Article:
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Hypochondria Information

Hypochondriasis (or hypochondria, sometimes referred to as health phobia) refers to an excessive preoccupation or worry about having a serious illness. Often, hypochondria persists even after a physician has evaluated a person and reassured him/her that his/her concerns about symptoms do not have an underlying medical basis or, if there is a medical illness, the concerns are far in excess of what is appropriate for the level of disease. Many people suffering from this disorder focus on a particular symptom as the catalyst of their worrying, such as gastro-intestinal problems, palpitations, or muscle fatigue.

One study has shown it to affect about 3% of the population.

Hypochondria is often characterized by fears that minor bodily symptoms may indicate a serious illness, constant self-examination and self-diagnosis, and a preoccupation with one's body. Many individuals with hypochondriasis express doubt and disbelief in the doctors' diagnosis, and report that doctors? reassurance about an absence of a serious medical condition is unconvincing, or un-lasting. Many hypochondriacs require constant reassurance, either from doctors, family, or friends, and the disorder can become a disabling torment for the individual with hypochondriasis, as well as his or her family and friends. Some hypochondriacal individuals are completely avoidant of any reminder of illness, whereas others are frequent visitors of doctors? offices. Other hypochondriacs will never speak about their terror, convinced that their fear of having a serious illness will not be taken seriously by those in whom they confide.

Hypochondriasis manifests in various ways. Some people have numerous intrusive thoughts and physical sensations that push them to check with family, friends and physicians. Other people are so afraid of any reminder of illness that they will avoid medical professionals for a seemingly minor problem, sometimes to the point of becoming neglectful of their health when a serious condition may exist and go undiagnosed. Yet, some others live in despair and depression, certain that they have a life-threatening disease and no physician can help them, considering the disease as a punishment for past misdeeds.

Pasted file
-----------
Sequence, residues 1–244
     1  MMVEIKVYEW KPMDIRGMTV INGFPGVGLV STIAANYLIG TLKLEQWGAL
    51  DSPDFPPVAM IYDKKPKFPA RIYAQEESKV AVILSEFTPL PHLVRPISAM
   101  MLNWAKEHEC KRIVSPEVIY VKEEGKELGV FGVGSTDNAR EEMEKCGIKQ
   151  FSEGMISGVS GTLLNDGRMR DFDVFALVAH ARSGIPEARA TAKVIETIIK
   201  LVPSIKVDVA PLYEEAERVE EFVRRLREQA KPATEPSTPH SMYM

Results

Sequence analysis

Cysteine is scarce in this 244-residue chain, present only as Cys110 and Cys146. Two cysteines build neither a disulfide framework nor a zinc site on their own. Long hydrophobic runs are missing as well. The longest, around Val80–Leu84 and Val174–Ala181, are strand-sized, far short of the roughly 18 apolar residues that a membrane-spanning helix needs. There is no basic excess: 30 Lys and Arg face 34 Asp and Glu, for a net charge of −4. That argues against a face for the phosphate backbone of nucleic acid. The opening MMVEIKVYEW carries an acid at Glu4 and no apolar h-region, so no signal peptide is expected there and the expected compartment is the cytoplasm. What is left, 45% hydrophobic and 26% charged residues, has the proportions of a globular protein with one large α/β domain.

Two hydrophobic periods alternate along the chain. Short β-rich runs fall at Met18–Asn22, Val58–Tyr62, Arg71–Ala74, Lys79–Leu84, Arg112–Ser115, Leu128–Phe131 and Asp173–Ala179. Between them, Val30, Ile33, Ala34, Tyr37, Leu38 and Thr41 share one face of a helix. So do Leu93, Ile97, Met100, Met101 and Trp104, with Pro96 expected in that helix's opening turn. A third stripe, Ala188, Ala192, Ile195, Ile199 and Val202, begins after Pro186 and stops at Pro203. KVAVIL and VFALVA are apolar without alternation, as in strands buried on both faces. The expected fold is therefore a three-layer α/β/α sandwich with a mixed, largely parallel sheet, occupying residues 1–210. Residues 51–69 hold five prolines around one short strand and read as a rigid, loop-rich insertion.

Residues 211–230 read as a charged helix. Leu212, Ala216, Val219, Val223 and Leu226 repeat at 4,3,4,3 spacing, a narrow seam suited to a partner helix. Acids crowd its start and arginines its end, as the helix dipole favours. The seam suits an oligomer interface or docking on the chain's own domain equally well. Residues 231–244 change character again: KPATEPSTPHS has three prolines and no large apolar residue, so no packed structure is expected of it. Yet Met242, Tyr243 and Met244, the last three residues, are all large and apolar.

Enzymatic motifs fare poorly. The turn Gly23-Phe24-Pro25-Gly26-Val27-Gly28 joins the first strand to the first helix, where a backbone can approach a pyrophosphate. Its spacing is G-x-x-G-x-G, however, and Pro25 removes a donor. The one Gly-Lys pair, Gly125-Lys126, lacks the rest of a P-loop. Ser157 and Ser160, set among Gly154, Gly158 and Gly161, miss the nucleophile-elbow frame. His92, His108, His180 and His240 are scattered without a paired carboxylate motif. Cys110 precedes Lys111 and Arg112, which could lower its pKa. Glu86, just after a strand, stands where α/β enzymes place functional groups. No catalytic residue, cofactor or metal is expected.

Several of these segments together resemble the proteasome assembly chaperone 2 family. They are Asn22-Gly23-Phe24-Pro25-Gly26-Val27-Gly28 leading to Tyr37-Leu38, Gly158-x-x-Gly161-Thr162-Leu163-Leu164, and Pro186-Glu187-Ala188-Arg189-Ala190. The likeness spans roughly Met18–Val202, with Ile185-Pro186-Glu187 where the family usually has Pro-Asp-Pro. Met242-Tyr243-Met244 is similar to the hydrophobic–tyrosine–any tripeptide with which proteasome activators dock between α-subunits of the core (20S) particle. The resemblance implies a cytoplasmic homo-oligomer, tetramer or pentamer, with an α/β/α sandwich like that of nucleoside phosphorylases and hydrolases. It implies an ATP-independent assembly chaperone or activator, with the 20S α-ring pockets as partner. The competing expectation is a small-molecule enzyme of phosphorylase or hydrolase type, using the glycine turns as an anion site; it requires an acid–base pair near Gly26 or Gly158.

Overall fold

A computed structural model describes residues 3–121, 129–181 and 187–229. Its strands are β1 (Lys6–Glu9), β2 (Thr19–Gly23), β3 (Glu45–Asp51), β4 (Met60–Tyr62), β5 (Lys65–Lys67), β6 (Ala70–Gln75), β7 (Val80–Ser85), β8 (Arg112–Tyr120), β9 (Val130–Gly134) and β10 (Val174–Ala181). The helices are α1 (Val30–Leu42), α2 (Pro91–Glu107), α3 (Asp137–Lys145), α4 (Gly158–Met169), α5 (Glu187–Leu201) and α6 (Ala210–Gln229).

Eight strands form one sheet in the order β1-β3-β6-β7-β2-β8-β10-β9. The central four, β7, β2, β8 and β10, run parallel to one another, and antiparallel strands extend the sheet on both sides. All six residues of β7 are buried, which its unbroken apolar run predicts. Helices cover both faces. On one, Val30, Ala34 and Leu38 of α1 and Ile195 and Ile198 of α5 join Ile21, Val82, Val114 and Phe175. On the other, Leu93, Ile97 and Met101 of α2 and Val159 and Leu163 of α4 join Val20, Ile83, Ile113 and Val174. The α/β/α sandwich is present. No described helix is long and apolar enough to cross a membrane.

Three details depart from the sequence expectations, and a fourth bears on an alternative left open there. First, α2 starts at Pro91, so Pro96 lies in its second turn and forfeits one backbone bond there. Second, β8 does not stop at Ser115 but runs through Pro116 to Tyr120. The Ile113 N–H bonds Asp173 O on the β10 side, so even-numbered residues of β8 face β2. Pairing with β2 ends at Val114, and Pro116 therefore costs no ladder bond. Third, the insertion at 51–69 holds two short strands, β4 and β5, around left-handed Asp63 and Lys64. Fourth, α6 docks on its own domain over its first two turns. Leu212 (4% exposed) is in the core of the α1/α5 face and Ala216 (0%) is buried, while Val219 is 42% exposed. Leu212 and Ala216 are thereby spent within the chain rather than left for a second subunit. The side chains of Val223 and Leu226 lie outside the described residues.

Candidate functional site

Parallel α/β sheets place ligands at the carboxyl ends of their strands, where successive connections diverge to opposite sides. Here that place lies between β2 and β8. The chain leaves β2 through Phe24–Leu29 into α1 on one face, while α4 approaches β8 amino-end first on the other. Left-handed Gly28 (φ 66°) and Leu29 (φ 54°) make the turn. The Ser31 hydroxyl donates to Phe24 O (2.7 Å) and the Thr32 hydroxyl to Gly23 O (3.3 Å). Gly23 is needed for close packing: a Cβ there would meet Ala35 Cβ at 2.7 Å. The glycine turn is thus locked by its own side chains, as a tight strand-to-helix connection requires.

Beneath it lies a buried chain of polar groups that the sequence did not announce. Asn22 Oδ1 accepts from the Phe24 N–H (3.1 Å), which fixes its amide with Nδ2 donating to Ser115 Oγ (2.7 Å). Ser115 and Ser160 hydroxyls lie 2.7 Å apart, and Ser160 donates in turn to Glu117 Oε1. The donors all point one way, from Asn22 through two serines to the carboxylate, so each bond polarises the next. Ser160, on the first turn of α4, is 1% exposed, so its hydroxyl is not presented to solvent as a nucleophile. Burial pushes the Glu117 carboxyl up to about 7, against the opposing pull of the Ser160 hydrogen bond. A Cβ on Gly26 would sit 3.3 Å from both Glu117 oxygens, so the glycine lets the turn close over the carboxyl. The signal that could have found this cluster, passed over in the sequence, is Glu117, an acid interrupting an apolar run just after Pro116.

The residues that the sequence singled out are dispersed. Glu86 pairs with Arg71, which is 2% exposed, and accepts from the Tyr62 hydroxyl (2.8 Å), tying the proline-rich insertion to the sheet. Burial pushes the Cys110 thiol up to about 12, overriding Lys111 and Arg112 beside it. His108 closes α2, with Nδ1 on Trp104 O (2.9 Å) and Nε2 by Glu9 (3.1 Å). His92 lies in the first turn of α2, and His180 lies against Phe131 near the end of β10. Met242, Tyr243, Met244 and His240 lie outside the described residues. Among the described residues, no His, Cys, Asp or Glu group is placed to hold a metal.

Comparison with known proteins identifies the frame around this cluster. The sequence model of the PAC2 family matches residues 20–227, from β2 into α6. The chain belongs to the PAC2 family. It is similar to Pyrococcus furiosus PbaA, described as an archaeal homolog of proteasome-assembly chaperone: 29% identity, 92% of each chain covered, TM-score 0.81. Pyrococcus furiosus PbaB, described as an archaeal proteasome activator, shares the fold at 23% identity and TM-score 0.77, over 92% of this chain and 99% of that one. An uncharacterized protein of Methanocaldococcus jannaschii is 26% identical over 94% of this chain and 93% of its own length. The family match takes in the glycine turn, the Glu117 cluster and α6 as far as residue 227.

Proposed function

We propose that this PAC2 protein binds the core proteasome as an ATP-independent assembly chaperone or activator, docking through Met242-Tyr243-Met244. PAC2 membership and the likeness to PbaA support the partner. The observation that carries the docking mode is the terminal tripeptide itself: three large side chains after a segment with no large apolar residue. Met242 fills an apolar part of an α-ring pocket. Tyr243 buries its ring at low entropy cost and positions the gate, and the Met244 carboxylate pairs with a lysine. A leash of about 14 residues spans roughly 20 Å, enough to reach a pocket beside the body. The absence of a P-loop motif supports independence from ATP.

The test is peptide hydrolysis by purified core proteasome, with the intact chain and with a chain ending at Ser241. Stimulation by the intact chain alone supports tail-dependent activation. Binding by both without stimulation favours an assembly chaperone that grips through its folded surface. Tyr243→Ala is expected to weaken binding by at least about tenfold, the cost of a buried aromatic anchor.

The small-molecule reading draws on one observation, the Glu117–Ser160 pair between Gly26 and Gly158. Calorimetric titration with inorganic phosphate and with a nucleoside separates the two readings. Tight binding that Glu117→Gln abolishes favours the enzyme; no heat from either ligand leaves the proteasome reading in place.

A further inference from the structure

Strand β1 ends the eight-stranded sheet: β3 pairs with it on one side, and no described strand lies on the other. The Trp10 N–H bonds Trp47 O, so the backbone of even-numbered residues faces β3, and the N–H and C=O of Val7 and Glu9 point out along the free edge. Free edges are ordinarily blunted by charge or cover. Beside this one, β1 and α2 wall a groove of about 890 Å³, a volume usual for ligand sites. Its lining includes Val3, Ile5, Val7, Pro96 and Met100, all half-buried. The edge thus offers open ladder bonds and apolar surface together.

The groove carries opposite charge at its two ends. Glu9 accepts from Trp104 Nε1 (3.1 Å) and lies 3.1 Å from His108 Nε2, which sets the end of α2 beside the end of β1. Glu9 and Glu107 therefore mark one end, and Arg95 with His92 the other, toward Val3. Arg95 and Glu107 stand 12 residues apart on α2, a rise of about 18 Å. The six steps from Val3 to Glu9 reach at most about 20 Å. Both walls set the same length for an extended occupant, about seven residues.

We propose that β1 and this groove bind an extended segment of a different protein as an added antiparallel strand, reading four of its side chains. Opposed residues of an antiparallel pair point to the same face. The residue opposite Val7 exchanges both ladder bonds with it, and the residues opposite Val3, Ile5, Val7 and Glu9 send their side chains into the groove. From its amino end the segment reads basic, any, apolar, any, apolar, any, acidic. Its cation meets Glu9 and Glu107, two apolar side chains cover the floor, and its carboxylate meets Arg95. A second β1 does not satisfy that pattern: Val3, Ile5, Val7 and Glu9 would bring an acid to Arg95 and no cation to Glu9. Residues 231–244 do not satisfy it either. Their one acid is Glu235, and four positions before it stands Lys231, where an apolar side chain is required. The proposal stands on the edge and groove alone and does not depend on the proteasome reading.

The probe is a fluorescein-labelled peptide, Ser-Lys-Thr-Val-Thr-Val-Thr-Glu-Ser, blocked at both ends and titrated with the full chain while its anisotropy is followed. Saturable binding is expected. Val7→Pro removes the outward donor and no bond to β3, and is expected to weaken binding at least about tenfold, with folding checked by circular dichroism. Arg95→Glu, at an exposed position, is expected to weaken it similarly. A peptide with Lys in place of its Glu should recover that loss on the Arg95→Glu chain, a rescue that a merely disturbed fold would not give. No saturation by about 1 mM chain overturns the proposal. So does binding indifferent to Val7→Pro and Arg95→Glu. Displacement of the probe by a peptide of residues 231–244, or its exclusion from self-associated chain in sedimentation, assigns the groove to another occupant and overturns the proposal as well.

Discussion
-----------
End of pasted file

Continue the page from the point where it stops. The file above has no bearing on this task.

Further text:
Hypochondriasis is often accompanied by other psychological disorders. Clinical depression, obsessive-compulsive disorder (also known as OCD), phobias and somatization disorder are the most common accompanying conditions in people with hypochondriasis, as well as a generalized anxiety disorder diagnosis at some point in their life.

Many people with hypochondriasis experience a cycle of intrusive thoughts followed by compulsive checking, which is very similar to the symptoms of obsessive-compulsive disorder. However, while people with hypochondriasis are afraid of having an illness, patients with OCD worry about getting an illness or of transmitting an illness to others. Although some people might have both, these are distinct conditions.

Patients with hypochondriasis often are not aware that depression and anxiety produce their own physical symptoms that might be mistaken for signs of a serious medical disease. For example, people with depression often experience changes in appetite and weight fluctuation, fatigue, decreased interest in sex and motivation in life overall. Intense anxiety is associated with rapid heart beat, palpitations, sweating, muscle tension, stomach discomfort, and numbness or tingling in certain parts of the body (hands, forehead, etc.)

To treat hypochondriasis, one must acknowledge the interplay of body and mind. If a person is sick with a medical disease such as diabetes or arthritis, there will often be psychological consequences, such as depression. Some even report being suicidal. In the same way, someone with psychological issues such as depression or anxiety will sometimes experience physical manifestations of these affective fluctuations, often in the form of medically unexplained symptoms. Common symptoms include headaches; abdominal, back, joint, rectal, or urinary pain; nausea; itching; diarrhea; dizziness; or balance problems. Many people with hypochondriasis accompanied by medically unexplained symptoms feel they are not understood by their physicians, and are frustrated by their doctors? repeated failure to provide symptom relief. Common to the different approaches to the treatment of hypochondriasis is the effort to help each patient find a better way to overcome the way his/her medically unexplained symptoms and illness concerns rule her/his life. Current research makes clear that this excessive worry can be helped by either appropriate medicine or targeted psychotherapy.

For a long time, hypochondriasis was considered untreatable. However, recent scientific studies show that cognitive behavioral therapy (CBT) and selective serotonin reuptake inhibitors (SSRIs; e.g., fluoxetine and paroxetine) are effective treatment options for hypochondriasis as demonstrated in clinical trials. CBT, a psycho-educational ?talk? therapy, helps the worrier to address and cope with bothersome physical symptoms and illness worries and is found helpful in reducing the intensity and frequency of troubling bodily symptoms. SSRIs can reduce obsessional worry through readjusting neurotransmitter levels and have been shown to be effective as treatments for anxiety and depression as well as for hypochondriasis.

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